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ARS Home » Northeast Area » Wyndmoor, Pennsylvania » Eastern Regional Research Center » Food Safety and Intervention Technologies Research » Research » Publications at this Location » Publication #222959

Title: Efficacy of chlorine concentration and acidic electrolyzed water in decontaminating lettuce leaves artificially inoculated with Escherichia coli O157:H7

item Keskinen, Lindsey
item Burke, Angela - Mattrazzo
item Annous, Bassam

Submitted to: Meeting Abstract
Publication Type: Abstract Only
Publication Acceptance Date: 3/10/2008
Publication Date: 8/3/2008
Citation: Keskinen,L.,Burke,A.,Annous,B. 2008.Efficacy of cholorine concentration and acidic electrolyzed water in decomtaminating lettuce leaves artificially inoculated with Escherichia coli O157:H7 [abstract].International Assn for Food Protection.Columbus,OH.p.1.

Interpretive Summary:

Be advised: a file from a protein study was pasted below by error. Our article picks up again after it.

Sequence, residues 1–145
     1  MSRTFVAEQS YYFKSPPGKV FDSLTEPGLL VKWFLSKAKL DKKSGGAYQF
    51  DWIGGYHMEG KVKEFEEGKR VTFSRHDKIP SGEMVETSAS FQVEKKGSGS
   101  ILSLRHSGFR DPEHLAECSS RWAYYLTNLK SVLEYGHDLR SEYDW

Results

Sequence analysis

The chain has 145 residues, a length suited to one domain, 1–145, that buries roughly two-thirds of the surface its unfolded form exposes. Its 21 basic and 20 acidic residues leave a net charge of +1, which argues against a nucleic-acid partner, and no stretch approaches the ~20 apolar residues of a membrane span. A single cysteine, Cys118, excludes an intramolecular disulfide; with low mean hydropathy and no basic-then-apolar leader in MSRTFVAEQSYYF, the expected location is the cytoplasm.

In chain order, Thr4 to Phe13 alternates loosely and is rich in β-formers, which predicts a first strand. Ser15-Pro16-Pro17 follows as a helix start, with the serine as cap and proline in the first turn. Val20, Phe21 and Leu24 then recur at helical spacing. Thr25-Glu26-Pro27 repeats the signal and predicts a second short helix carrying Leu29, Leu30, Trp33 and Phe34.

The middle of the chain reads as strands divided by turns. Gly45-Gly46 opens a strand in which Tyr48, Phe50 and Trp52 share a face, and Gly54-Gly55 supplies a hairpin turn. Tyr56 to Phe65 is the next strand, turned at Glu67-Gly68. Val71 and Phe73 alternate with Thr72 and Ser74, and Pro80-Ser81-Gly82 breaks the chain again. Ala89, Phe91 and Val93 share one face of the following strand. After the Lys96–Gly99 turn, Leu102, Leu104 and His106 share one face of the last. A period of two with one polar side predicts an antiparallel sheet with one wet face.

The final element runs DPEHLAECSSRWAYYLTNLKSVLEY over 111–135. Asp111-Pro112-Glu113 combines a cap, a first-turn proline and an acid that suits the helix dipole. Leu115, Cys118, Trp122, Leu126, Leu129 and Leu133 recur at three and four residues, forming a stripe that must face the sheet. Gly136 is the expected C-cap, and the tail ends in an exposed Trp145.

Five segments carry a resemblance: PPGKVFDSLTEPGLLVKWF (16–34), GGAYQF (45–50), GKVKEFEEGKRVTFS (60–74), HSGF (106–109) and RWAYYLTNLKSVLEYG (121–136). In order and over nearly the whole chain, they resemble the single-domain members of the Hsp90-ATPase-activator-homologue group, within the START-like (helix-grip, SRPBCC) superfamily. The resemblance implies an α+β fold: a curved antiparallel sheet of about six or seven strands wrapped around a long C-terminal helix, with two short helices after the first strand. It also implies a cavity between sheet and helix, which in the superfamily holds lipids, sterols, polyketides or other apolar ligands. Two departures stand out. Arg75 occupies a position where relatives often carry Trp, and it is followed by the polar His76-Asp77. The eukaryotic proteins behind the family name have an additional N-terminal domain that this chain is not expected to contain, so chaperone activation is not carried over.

Technical Abstract: Consumption of lettuce has been linked to outbreaks of foodborne illnesses and recalls due to contamination with Escherichia coli O157:H7. Reduction of this risk requires the development of effective and an easily implemented decontamination process. The purpose of this study was to compare the efficacy of industrial chlorine wash (20 ppm) to that of 200 ppm chlorine and electrolyzed water (50 ppm) treatments in reducing populations of E. coli O157:H7 on artificially inoculated lettuce. Fresh-cut leaves of Romaine and Iceberg lettuce were inoculated by immersion in water containing E. coli O157:H7 (8 log CFU/ml) for 5 min and dried in a salad spinner. Leaves were then washed for 2 min, immediately or following 24 h of storage at 4C, using: 1) deionized water; 2) acidic electrolyzed water (50 ppm chlorine and pH 2.6); 3) 20 ppm chlorine; 4) 200 ppm chlorine. Following 2 min treatment, samples were blended in neutralizing buffer (1:3), serially diluted, and surface plated on the selective media CT-SMAC. There was no difference in the levels of E. coli O157:H7 on Romaine or Iceberg leaves at 0 and 24 h. The washing treatment using 200 ppm chlorine resulted in the greatest reduction in E. coli O157:H7 populations (1.84 ± 0.53 and 1.07 ± 0.50 log CFU/g at 0 and 24 h, respectively) as compared to the other wash treatments used (<1 log CFU/g reduction). The industrial chlorine wash was shown to be ineffective in inactivating E. coli O157:H7 cells on lettuce. While the 200 ppm chlorine wash treatment was capable of nearly achieving a 2 log reduction, the process needs to be optimized to meet the FDA 5 log requirement. Currently, research is under way to optimize this wash treatment and compare it to other decontamination treatments including chlorine dioxide gas.